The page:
(Resource News International) — Tighter supplies should eventually send oats prices in Western Canada higher, but the market is seen trading in a narrow range over the next few months, as post-harvest supplies should temper the upside for the time being.
Bryan Cross, a grain buyer with Edmonton-area processing firm Alberta Oats Milling, described the oats market as flat right now, and he expected it could stay that way at least until the new year.
The latest Prairie Ag Hotwire data shows oats bids topping out at $2.50 per bushel in Alberta, $1.98 in Saskatchewan, and $2.12 in Manitoba.
Canada’s oats crop is currently estimated at 2.9 million tonnes, which compares with 4.27 million in 2008-09. Harvest delays, particularly in Saskatchewan, could cut into that production number even further and eventually support prices.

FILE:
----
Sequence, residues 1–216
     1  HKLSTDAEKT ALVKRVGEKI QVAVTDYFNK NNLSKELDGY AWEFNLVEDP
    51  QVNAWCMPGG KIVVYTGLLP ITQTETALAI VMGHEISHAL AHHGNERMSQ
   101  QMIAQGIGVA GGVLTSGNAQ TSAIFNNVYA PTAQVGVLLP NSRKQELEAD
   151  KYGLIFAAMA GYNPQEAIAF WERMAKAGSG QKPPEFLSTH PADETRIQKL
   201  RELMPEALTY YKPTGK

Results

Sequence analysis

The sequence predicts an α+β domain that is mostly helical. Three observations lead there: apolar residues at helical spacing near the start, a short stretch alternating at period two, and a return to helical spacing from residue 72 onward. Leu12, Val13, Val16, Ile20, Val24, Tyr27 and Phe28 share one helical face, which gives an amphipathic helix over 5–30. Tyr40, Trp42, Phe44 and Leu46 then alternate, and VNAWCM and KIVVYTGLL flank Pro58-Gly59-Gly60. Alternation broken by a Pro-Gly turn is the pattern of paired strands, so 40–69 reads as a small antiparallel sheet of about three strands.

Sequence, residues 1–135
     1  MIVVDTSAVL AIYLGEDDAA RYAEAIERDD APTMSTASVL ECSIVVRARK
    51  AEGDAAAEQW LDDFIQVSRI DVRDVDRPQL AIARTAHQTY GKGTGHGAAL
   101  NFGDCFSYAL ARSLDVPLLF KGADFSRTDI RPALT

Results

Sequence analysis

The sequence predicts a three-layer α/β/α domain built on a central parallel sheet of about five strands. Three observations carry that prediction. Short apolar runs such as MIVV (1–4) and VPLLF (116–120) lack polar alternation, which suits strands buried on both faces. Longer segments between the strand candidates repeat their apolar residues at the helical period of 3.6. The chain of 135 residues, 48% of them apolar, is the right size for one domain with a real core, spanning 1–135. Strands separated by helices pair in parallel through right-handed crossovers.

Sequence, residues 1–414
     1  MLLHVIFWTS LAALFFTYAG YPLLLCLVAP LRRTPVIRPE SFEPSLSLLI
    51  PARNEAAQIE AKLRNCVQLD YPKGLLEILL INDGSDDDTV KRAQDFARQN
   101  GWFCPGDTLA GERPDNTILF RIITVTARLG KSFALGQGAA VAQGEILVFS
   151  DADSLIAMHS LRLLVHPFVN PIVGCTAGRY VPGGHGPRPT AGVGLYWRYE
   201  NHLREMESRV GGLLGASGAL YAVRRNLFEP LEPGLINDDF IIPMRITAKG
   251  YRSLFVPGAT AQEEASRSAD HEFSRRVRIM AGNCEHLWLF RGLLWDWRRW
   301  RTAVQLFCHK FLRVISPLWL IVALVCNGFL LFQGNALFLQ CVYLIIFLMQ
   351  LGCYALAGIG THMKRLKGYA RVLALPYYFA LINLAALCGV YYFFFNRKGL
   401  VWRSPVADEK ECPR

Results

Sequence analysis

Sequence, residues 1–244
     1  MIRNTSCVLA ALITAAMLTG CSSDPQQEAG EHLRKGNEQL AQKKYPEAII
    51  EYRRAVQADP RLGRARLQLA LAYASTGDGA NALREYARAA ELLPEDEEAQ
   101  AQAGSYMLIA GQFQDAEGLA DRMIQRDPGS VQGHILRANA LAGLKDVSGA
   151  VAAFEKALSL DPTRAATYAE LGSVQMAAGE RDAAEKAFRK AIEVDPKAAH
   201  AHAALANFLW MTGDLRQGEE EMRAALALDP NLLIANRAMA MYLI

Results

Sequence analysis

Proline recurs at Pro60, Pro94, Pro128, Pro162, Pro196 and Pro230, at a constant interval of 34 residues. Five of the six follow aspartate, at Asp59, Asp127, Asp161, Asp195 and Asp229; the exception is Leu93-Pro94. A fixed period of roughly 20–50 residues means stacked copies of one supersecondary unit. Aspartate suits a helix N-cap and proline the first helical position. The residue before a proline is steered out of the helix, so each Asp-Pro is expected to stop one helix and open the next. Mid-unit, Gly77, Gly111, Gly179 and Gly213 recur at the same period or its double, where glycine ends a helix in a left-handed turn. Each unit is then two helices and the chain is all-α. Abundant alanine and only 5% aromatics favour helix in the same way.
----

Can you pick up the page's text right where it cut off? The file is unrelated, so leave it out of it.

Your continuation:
However, Cross thought the harvest delays would actually weigh on prices in the short term.
The oats coming off at this late stage are in tough, damp shape, he noted, and the majority of producers will be looking to dump them into the market rather than store it themselves.
“The good, dry stuff in the bins will take some money to get out,” said Cross, adding that “once it’s in the bin, it’s always harder to buy.”
Oats that are not harvested before the snow sets in could be combined next spring, as the crop does overwinter reasonably well, said Cross.
However, he added, rodent infestation would likely be an issue and any crop at that time would need to be cleaned before buyers would look at it.